But the letter itself isn't called either "double U" or "double V", in German the letter just is called "WE" (as opposed to "FAU" = "V").
     
  14. Hakro

    Hakro Senior Member

    Helsinki, Finland
    Finnish - Finland
    Of course. I meant generally loan words.
    Spanish placenames?

    Hey guys, please don't think I'm an idiot!
     
  15. effeundici Senior Member

    Italy
    Italian - Tuscany
    In Italian Vu doppia (double vi)
     
  16. stultus New Member

    Israel
    Hebrew, English
    Just to summarise (maybe mostly for me ;)):
    The original Latin alphabet was derived from the strong regional alphabet which came before it: Greek, which in turn borrowed from the Phoenician alphabet (which is also used more or less by Aramaic and Hebrew). The Phoenician alphabet is an Abjad alphabet and doesn't contain vowels proper. Certain letters can function as either consonant or vowel, depending on context - these are known in Hebrew as the Ehevi (אהוי) letters.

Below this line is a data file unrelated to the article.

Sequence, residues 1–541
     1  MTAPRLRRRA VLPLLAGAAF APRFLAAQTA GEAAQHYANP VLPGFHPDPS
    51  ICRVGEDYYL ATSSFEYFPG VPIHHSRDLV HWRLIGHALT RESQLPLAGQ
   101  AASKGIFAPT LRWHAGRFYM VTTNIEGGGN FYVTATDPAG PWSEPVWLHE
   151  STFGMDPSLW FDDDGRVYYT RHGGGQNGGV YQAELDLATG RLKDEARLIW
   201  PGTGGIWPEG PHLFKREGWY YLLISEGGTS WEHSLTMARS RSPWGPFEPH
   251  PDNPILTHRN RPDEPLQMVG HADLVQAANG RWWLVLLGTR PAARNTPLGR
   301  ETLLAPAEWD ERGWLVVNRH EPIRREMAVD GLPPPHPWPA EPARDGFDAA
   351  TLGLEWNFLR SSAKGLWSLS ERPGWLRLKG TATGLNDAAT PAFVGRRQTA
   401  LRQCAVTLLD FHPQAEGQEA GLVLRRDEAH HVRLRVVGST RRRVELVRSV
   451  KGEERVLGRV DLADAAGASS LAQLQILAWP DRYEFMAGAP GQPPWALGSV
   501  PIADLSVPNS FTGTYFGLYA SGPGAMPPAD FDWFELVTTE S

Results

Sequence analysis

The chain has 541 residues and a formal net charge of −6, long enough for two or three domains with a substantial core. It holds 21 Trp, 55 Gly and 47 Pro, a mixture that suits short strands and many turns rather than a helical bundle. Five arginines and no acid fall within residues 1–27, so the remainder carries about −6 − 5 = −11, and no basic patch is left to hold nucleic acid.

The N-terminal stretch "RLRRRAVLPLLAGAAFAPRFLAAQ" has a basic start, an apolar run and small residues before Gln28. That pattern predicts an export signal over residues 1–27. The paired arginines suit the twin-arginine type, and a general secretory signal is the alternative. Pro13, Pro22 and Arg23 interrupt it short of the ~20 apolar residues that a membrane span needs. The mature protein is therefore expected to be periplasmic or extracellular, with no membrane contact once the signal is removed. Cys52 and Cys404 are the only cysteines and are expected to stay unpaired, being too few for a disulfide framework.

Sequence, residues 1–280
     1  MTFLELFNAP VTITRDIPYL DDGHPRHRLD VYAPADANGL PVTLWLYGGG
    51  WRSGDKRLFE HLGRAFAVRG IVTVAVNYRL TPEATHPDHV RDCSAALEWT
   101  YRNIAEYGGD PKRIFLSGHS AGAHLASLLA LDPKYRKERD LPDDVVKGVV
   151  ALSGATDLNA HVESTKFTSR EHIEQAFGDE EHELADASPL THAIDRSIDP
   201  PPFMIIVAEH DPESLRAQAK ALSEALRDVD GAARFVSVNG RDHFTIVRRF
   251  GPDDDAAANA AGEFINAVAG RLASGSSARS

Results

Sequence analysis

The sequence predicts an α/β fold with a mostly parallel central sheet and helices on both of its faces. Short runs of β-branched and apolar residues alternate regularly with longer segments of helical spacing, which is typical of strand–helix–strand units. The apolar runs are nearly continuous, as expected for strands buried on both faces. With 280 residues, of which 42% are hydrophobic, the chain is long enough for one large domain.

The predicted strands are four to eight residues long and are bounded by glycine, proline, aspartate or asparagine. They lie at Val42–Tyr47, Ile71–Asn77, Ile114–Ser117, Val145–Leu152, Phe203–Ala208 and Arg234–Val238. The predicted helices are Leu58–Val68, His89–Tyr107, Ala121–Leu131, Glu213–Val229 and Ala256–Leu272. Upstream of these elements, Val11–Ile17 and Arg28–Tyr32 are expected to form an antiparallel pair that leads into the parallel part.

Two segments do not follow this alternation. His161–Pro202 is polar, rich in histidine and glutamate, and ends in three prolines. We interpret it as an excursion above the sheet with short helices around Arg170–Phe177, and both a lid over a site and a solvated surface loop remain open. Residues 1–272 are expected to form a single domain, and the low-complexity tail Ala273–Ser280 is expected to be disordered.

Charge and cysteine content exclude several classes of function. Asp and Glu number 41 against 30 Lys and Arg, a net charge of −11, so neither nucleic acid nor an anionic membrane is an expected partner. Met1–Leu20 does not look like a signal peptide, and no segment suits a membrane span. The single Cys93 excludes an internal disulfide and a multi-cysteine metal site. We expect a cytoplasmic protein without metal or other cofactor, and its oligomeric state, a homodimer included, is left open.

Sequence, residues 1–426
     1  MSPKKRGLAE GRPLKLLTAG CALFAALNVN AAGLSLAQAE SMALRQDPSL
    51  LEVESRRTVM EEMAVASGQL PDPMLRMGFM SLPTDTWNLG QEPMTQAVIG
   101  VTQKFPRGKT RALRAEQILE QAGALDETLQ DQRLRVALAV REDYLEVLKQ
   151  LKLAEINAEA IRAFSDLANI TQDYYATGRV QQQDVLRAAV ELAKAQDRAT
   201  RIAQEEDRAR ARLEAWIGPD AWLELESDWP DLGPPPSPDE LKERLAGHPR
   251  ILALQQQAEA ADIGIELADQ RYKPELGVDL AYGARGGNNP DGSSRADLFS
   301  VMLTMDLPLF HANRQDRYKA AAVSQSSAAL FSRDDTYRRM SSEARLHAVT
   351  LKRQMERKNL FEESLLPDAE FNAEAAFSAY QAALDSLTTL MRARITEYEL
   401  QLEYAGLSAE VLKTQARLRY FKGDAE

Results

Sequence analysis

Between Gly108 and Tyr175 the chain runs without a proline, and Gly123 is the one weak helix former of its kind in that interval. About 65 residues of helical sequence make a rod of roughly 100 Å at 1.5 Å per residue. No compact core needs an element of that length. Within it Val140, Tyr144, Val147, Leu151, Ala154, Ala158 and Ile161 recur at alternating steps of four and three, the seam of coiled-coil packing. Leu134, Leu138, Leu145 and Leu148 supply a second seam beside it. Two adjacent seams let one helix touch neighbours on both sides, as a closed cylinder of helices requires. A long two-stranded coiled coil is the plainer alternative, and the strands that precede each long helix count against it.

Of these four letters, two, whose sounds didn't really help the latter languages became only vowels. Aleph became alpha became "A" (א-> Α/α -> A). Hey became Epsilon became "A" (ה -> Ε/ε -> E).

    The other two, while for Greek became mostly vowels (acting as "consonants" in diphthongs, yes), remained in their context-sensitive abjad form also in Latin:
    Waw/Vav became Upsilon became "V" (ו -> Υ/υ -> v)
    Yod became Iota became "I" (י -> Ι/ι -> I)
    For example, our friend Julius:
    CAIUS IULIUS CAII FILIUS CAII NEPOS CAESAR IMPERATOR (vowel/consonant)

    Where does all this lead us, exactly?